It is hard for me to understand the thought process of a person who feels that an education is not immensely valuable, if not the most valuable gift you can give yourself.
To me, a person who has invested their time (and often, their money) to the pursuit of an education has invested in the most important thing: their minds.
An education has the ability to open doors in a way that nearly nothing else can.
An education is an expansion of the mind, and by that token, an expansion of the world.
An education is what has spurred and birthed all of humanity’s greatest achievements.
An education gives us the ability to think beyond our selves, beyond our one, limited role in place and time.
Do not mistake me for making a fervid call to arms that every individual on this earth pursue a college education.
Yes, going to college, working towards a Bachelors, a Masters, a Doctorate—that is undoubtedly an education.
But that is not the only way in which to be educated, and maybe it’s not the best way either.
A true education, in the traditional sense of the word, isn’t learning a list of marketable skills that look nice on a resume. An education isn’t simply a means for which to land that well-paying office job. While this is the modern take on what education means, it is a hollow view.
The riches potentially earned from a lifetime of rote memorization of facts, of information passing in one ear and out the other—sticking around long enough only to aid in the completion of a multiple-choice test you barely care about—those riches are mere pebbles, valueless and common, compared to riches of a true, passionate, engaged education.
I am making a call to arms for people to be autodidactic—meaning, for people to embrace the possibilities of self-education.
This doesn’t require debt, or the pursuit of a degree.
This only requires an alert, open mind that wants to understand the world; a mind that recognizes how little we all know and how much there is to learn.
This self-education can take many forms.
For most, it will mean the pursuit of knowledge through extensive reading and listening.
Spending time each day devoted to learning something new means that no day in your life has gone wasted.
What you choose to focus on is essentially limitless.
For some, this might mean reading the works of some of the world’s greatest authors — Joyce, Plath, Morrison, Shakespeare, Marquez, Hemingway—to enrich their lives with stories that chronical the human condition. Such reading will imbue any reader with an emotional intelligence that can be carried over from their intellectual life into their social life.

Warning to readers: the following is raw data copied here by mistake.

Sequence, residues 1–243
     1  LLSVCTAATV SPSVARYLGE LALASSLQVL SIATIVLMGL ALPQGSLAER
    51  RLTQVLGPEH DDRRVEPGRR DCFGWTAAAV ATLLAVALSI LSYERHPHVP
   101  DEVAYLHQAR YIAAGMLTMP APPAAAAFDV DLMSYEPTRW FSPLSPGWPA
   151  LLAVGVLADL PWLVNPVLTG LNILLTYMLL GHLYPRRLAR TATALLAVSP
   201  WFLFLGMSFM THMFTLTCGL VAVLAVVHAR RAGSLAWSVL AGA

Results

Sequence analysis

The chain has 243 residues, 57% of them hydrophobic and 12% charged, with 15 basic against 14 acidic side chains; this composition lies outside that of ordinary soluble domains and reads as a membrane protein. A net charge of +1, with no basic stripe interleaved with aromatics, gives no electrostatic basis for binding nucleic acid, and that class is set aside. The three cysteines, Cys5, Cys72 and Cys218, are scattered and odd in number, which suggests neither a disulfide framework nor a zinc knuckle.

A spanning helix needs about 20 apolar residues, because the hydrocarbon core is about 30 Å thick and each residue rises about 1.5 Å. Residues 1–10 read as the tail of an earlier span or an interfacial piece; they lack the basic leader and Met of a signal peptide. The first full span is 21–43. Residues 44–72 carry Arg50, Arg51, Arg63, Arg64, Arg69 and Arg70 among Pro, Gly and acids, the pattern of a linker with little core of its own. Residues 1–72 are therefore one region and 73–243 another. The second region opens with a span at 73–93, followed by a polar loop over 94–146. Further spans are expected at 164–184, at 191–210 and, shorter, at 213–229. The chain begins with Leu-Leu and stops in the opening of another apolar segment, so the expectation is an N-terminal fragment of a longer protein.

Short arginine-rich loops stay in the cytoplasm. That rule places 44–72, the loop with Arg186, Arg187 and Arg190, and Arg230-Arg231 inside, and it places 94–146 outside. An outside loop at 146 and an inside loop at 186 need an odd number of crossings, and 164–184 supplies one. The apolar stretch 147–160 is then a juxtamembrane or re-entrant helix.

Readers of this kind are often highly skilled at understanding people. They are often more empathetic, more kind and giving to those around them. Surely, those are the kinds of people that we want filling our world.
Others may balance such reading by spending time devoted to the study of history, or science. There are vast libraries of knowledge waiting to be explored by curious minds. The best scholars and scientists throughout the course of humanity—people who have devoted their lives to the exploration of a certain subject—have given all of us the invaluable gift of writing that knowledge down.
To not take advantage of such knowledge seems almost an affront to the hard work of the people that have come before us.
Frankly, we owe it to ourselves, and we owe it to future generations, to continue forever-on in our pursuit of knowledge and education.
I believe, with a strength and ferocity that is difficult to put into words, that a person who devotes themselves to the life-long study of the world and the people in it is a better, more attuned person.
I also believe that people who continually self-educate are more interesting people.
By involving yourself in an education, you are exposing yourself to different or new ideas. You are exposing yourself to perspectives, cultures, and lives that may not, in any way, resemble your own. This is important. It is easy to isolate yourself in your own experiences.
The people around you are often an echo-chamber of your single perspective. By always pushing yourself in an education, you are breaking free from that self-interested mindset.
An education has the ability to turn you into a person of the world.
The cause for education makes itself. As humans, it is our greatest calling. Whether your education comes from the traditional halls of an academic institution, or from the shelves of your local library, remain steadfast in your pursuit of it.
An education is not an experience that has a beginning and an end; it simply has a beginning and continues on, a force of its own, informing and shaping you throughout your entire life.
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